Daker’s Rule 59(e) motion as a Rule 60(b) motion and then denied the motion

without considering his allegations that the court had made several errors. This

Court also appointed Daker counsel.


We review the district court’s decision to dismiss Daker’s bail claims sua

sponte for an abuse of discretion. See Tazoe v. Airbus S.A.S., 631 F.3d 1321 ,

1328 (11th Cir. 2011). Generally, a district court may only sua sponte dismiss a

motion after providing the movant with notice of its intent to dismiss or an

opportunity to respond. See Paez v. Sec’y, Fla. Dep’t of Corr., 947 F.3d 649 , 653

(11th Cir. 2020) (per curiam), cert. denied sub nom., Paez v. Inch, 141 S. Ct. 309

(2020) (Mem.). However, this Court has also held that dismissal without notice is

permissible if reversal would be futile. Tazoe, 631 F.3d at 1336 . We may affirm

the district court’s order based on any ground supported by the record. Beeman v.

United States, 871 F.3d 1215 , 1221 (11th Cir. 2017).


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We agree that the district court erred in dismissing Daker’s claim as moot.

Nonetheless, we affirm the district court’s order because reversal would be futile,

as Daker’s bail claims are not ripe. See Tazoe, 631 F.3d at 1336 . A case is moot

when the plaintiff no longer has a “personal stake in the outcome” of the lawsuit or

there is no longer an “actual injury traceable to the defendant and likely to be

redressed by a favorable judicial decision.” Spencer v. Kemna, 523 U.S. 1 , 7, 118

S. Ct. 978 , 983 (1998) (quotation marks omitted). And a “claim is not ripe for

adjudication if it rests upon contingent future events that may not occur as

anticipated, or indeed may not occur at all.” Atlanta Gas Light Co. v. F.E.R.C.,

140 F.3d 1392 , 1404 (11th Cir. 1998) (quotation marks omitted).

Daker’s bail claims are not ripe because he could only be granted relief if he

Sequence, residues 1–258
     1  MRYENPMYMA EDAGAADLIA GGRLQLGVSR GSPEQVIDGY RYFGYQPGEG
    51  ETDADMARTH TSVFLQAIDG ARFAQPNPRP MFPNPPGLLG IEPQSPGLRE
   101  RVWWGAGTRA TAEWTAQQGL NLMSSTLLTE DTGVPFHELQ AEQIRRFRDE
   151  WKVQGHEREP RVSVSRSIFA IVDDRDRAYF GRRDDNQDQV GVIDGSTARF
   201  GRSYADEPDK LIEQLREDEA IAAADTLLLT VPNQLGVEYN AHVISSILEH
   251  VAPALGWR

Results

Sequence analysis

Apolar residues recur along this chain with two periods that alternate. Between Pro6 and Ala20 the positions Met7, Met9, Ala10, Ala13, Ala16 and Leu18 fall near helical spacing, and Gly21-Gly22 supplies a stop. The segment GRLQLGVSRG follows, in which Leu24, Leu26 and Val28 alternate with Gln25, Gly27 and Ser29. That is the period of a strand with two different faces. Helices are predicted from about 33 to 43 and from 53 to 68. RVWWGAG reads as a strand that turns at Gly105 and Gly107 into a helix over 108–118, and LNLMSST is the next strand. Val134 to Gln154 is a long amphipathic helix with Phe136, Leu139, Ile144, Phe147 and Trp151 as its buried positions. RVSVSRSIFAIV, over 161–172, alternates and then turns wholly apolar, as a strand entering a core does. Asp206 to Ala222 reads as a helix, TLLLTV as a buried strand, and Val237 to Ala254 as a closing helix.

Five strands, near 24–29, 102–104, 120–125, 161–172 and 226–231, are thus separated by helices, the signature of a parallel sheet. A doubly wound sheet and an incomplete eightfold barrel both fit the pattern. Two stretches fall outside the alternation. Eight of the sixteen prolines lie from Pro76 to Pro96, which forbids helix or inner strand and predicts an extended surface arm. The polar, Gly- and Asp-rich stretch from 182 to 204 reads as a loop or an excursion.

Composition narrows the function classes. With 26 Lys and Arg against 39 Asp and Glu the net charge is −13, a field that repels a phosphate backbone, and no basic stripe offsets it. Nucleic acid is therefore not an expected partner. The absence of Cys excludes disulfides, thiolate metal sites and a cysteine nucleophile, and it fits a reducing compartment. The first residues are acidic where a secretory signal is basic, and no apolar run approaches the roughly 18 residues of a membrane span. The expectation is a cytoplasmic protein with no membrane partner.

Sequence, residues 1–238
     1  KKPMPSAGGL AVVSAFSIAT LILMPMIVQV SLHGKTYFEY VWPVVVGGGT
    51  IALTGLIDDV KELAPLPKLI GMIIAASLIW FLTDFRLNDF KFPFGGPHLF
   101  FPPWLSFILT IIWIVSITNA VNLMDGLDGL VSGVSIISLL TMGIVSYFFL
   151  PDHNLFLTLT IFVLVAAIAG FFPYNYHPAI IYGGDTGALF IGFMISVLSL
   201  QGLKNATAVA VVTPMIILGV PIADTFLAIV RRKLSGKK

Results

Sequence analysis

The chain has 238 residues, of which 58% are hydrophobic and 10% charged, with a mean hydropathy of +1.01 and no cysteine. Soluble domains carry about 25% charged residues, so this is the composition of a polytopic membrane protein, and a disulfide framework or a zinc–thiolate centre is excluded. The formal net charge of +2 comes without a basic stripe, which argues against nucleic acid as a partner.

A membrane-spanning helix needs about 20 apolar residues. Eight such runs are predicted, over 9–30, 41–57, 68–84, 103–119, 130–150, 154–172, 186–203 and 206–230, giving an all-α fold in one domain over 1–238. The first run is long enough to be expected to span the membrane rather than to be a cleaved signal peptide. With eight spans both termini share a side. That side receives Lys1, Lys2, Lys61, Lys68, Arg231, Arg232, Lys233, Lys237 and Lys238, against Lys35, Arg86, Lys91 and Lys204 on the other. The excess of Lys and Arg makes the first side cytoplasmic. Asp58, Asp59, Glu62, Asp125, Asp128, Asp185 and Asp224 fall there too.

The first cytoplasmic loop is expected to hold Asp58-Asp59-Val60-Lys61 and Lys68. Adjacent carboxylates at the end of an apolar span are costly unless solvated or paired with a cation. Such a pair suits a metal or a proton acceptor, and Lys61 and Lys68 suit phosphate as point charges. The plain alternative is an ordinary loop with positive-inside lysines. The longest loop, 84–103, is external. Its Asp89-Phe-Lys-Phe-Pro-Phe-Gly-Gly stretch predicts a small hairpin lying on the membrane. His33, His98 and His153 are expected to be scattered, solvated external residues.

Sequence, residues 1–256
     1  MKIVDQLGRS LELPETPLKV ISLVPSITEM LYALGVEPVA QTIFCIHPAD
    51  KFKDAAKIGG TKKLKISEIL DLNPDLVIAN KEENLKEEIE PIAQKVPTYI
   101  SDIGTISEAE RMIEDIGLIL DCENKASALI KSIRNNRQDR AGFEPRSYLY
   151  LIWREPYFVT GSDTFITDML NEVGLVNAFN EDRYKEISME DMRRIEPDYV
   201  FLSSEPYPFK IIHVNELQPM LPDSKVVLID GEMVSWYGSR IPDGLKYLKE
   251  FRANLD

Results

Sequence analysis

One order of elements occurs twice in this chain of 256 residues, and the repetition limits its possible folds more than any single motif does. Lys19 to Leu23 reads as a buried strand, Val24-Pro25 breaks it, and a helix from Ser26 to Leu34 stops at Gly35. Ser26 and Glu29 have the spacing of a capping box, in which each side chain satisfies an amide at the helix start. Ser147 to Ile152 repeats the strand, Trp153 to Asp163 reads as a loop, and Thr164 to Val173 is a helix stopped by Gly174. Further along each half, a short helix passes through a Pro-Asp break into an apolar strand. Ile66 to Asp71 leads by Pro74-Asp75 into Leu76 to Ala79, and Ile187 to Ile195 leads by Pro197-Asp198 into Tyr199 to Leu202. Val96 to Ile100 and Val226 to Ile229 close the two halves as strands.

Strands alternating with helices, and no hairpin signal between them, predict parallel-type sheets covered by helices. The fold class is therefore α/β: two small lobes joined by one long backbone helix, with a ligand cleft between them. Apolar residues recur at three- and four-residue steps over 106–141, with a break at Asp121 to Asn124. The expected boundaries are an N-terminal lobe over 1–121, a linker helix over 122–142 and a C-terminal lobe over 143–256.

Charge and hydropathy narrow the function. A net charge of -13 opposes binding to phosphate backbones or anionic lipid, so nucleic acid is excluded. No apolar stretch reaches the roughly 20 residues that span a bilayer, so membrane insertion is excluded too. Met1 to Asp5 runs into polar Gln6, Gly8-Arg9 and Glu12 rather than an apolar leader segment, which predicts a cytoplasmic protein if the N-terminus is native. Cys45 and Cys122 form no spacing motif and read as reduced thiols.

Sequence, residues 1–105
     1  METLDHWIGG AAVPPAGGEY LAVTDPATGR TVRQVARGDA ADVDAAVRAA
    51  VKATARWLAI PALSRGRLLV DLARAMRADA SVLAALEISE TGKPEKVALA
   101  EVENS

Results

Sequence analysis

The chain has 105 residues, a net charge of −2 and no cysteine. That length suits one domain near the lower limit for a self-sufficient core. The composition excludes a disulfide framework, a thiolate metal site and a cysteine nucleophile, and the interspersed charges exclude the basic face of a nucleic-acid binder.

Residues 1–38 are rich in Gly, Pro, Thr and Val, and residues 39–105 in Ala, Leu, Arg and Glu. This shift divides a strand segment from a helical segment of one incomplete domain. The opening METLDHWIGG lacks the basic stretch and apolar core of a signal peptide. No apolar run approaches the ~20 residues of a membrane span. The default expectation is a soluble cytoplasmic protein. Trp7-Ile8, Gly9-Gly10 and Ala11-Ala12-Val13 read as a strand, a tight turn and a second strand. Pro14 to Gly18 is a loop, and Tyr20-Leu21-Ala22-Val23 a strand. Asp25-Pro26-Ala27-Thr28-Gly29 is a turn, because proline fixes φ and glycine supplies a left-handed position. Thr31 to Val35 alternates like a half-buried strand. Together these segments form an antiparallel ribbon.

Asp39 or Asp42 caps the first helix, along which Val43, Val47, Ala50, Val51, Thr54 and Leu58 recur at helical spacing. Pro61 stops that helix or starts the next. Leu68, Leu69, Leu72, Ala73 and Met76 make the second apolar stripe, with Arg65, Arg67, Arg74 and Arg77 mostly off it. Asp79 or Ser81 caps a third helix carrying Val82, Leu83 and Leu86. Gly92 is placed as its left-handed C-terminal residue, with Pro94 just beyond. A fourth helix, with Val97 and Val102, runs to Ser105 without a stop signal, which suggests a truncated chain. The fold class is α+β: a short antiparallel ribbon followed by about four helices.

is, one day, successful in overturning his murder conviction. See id. Even with

notice and an opportunity to respond, there is no argument Daker could have made

that would have ripened his bail claims. Therefore, even though the district court’s

analysis was flawed, we cannot say the district court abused its discretion because,

on this record, reversal would be futile. See Tazoe, 631 F.3d at 1336 .

Daker also argues that the district court erred in finding that he missed the

deadline to file a Rule 59(e) motion. While the motion was filed on September 9,

Daker says he delivered it to prison officials on August 29, the day he signed it,

and that according to the prison mailbox rule, the district court should have


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considered it filed on August 29. When considering whether the district court

properly applied the prison mailbox rule, we review de novo the district court’s

interpretation of the rule and its findings of fact for clear error. Jeffries v. United

States, 748 F.3d 1310 , 1313 (11th Cir. 2014) (per curiam).

The prison mailbox rule provides that a pro se prisoner’s court filing is

deemed filed the date it is delivered to prison authorities for mailing. Id. at 1314 .

The burden is on the government to present evidence that the pro se prisoner

delivered the documents on a date other than the date the prisoner signed the filing.

Washington v. United States, 243 F.3d 1299 , 1301 (11th Cir. 2001) (per curiam).

Here, the district court erred in failing to apply the prison mailbox rule and

construing Daker’s motion as a Rule 60(b) motion. Daker says he delivered the

Rule 59(e) motion on August 29, the day he signed it, and the government offered

no evidence to the contrary. And by filing the motion on August 29, Daker timely

filed his Rule 59(e) motion, 23 days after the court denied his habeas petition.

Nonetheless, remanding Daker’s Rule 59(e) motion to the district court

would be futile. As discussed above, because Daker is seeking to vacate his

murder conviction, his claim is not ripe for adjudication. Accordingly, the district

court’s order is